Leading through agonistic conflict: Contested sense-making in national political arenas

Hartley, Jean and Stansfield, Annette (2021). Leading through agonistic conflict: Contested sense-making in national political arenas. Leadership, 17(2) pp. 131–153.

DOI: https://doi.org/10.1177/1742715020945167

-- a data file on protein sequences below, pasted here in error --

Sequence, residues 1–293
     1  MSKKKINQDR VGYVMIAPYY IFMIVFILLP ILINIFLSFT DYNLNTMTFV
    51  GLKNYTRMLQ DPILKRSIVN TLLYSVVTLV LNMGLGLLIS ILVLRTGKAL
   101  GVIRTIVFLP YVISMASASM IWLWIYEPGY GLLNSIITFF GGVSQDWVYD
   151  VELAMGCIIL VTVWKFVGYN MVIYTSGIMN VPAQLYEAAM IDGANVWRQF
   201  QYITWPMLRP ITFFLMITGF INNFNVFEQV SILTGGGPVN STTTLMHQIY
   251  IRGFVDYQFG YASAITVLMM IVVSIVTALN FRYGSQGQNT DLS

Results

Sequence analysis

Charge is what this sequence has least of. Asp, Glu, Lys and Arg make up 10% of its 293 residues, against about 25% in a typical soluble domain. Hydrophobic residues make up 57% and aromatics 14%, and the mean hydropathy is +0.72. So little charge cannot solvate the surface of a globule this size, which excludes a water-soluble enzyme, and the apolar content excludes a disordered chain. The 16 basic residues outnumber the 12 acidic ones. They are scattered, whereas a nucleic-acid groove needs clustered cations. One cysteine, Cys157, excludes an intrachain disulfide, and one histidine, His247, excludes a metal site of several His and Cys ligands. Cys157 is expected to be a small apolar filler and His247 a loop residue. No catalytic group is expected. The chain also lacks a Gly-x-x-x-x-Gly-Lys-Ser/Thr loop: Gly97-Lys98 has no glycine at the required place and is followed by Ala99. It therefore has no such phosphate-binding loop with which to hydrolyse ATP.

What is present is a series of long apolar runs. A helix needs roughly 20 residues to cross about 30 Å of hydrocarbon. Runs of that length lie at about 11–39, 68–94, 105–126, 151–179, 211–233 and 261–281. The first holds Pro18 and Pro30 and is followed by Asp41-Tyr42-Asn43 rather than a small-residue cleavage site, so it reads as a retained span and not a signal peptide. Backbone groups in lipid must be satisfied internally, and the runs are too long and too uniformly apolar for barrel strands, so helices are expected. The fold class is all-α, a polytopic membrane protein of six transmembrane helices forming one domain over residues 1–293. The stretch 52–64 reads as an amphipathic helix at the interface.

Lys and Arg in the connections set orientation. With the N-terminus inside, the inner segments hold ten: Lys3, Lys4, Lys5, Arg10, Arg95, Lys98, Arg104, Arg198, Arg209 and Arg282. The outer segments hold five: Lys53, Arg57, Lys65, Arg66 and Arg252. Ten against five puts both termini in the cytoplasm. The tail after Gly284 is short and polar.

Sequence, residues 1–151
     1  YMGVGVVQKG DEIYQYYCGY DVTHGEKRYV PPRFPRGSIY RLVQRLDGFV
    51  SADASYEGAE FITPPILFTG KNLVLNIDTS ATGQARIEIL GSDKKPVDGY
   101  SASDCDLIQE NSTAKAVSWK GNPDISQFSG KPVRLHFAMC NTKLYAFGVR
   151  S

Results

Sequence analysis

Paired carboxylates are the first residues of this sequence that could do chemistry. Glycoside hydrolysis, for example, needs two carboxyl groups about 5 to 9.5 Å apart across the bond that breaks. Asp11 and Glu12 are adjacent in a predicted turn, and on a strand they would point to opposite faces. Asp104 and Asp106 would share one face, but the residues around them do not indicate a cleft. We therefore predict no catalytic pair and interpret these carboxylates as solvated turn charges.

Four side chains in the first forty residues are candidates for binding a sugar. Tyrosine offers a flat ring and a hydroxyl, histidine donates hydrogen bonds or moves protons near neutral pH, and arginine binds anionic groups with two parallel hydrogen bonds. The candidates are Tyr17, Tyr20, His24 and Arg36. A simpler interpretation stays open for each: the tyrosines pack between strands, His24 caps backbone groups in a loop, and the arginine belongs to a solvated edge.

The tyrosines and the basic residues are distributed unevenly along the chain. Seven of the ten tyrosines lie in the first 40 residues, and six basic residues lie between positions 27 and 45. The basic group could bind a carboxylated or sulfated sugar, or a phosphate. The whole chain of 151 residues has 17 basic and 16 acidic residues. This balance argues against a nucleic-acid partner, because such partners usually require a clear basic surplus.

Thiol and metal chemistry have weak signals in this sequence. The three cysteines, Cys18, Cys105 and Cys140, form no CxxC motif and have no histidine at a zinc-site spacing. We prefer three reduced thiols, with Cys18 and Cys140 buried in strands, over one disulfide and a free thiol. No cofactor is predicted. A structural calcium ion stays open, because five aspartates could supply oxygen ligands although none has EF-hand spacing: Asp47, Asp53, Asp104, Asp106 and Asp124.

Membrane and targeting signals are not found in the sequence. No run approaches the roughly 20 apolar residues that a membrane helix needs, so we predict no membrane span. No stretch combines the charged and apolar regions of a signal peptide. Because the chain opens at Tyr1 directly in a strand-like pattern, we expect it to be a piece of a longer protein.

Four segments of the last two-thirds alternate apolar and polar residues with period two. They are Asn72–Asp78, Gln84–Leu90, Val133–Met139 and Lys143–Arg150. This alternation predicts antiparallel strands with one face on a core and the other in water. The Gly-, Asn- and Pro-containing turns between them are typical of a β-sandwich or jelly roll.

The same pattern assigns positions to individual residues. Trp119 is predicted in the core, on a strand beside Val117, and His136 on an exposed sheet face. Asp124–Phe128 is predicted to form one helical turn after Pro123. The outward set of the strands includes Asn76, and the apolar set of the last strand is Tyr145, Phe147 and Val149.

This article examines the social processes of political leadership in situations of contest and conflict, taking place within a key and long-established democratic institution, the UK Parliament. The empirical focus is on leadership in House of Commons select committees, which are concerned with holding the government to account. Headlines and media scrutiny, combined with internal challenge from the cross-party mix of politicians on the committees and a range of external stakeholders, create leadership challenges for committee chairs. The study is of two committee inquiries led by the same committee chair, which occurred concurrently and in real time, thereby providing a rare comparative study of leadership through the same leader at the same time but with different leadership challenges. Rather than shying away from conflict, as does much of the leadership literature, this research highlights how leaders who actively engage in challenge and conflict can build a degree of shared purpose among diverse groups of stakeholders. It examines and combines, in theory elaboration, two theories relevant to understanding these leadership processes: agonistic pluralism with its role in creating respectful conflictual consensus, and the theory of sense-making and sense-giving. The two cases (the two inquiries) had different trajectories and reveal how the chair recognised and dealt with conflict to achieve sense-making outcomes across divergent interests and across political parties. There are implications not only for understanding political leadership but also more widely for leadership where there are diverse and sometimes conflicting interests.

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